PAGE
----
In India, social boycott is an extrajudicial form of punishment, used to perpetuate caste and religion-based discrimination. But that’s about to change; at least in one state.
On 13 July 2017, President Pranab Mukherjee gave his assent to the ‘Maharashtra Prohibition of People from Social Boycott (Prevention, Prohibition and Redressal) Act’, 2016. This Act is the first law in India meant to punish social boycott, and will regulate organisations like the caste Panchayats.
The act lists over a dozen types of actions that can be considered acts of social boycott. The act will make social boycott a criminal offence – punishable with imprisonment forup to three years or a fine of Rs. 1 lakh or both. If guilty, families, communities and individuals will now be punished under this law. The Act makes provisions for six-month long speedy trials. It also provides for a state-government-appointed, Social Boycott Prohibition officers to ‘assist the police and magistrate’ and to track cases of social boycott.
Reasons for social boycott include religious rituals, inter-caste marriage, lifestyle, dress or vocation. The victim can file a complaint either with the police or directly to the magistrate.The Act recognizes the varied forms in which social boycott occurs in a caste-based society. It even makes it an offence to create cultural obstacles by forcing people to wear a particular type of clothing or use a particular language.
The Force behind the Law
The murder of a 22 year old pregnant woman , Pramila Khumbharkar, laid the foundation for the movement demanding this act. Belonging to a nomadic tribe, she was killed by her father for marrying Deepak Kamble who belonged to a Scheduled Caste. The issue was highlighted in an article by Dr. Narendra Dabholkar.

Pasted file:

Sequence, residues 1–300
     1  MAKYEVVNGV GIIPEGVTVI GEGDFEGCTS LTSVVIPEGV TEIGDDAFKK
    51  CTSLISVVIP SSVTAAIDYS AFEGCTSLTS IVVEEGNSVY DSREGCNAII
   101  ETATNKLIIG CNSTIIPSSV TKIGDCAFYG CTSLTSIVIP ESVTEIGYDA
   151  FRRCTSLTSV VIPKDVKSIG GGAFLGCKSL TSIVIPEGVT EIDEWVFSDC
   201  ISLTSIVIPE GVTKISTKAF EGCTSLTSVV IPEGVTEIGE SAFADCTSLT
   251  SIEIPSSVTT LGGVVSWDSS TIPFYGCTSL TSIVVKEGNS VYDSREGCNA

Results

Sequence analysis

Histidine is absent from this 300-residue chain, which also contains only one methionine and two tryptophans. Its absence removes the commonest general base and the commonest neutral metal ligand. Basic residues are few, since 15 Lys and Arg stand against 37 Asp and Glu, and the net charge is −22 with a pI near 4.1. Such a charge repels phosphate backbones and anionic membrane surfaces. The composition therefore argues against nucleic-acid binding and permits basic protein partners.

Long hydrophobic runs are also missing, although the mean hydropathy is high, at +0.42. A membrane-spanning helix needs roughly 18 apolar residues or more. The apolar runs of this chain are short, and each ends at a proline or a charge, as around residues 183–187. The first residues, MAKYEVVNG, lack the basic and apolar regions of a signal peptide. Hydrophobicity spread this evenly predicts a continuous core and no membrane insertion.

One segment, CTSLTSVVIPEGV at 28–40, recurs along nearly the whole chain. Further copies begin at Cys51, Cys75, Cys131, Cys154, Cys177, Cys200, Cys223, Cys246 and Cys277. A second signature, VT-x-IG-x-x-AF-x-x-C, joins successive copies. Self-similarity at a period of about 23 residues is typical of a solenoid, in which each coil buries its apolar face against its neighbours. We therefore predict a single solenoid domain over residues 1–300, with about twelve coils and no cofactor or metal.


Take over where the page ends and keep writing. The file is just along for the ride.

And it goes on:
Dr. Dabholkar, a medical doctor turned social worker, started Maharashtra Andhrashraddha Nirmoolan Samiti(MANS),in 1989, to help eradicate superstition. MANS was a state-wide movement targeting god-men and superstitious practices.
For the last 4 years in Maharashtra, MANS has also been running a movement against Social boycotts. It began the 'Jaat Panchayatila Muthmatil Abhiyan', a campaign to put an end to caste-based extra-judicial bodies.The organisation received around 80 complaints from various castes and sub-caste groups a while after the campaign’s initiation. MANS worked to create awareness and root out the inhibitions and fear of those facing social boycott.
“We approached the High Court to put an end to these atrocities. That is when we realized that there was no law to prevent or punish this," said Avinash Patil, President, MANS.
“We had formulated a draft to be pushed as the new law and submitted it to the government. The state government also made its own draft bill. The new law that has been passed is after taking both drafts into consideration. 80% of our draft has been included in the Act.” Patil told Newsclick.
“Within a week of the Act being in place, there have already been two complaints in Pune and one in Mumbai. To make sure this law is implemented and people know of it, we (MANS) are planning an awareness campaign for next year.” He added.
In a country where men and women are emotionally and physically tortured without a second thought, for not abiding to ‘social norms’, it is surprising that there has been no pre-existing law criminalizing such absurdities.
Read other articles on MANS in ICF: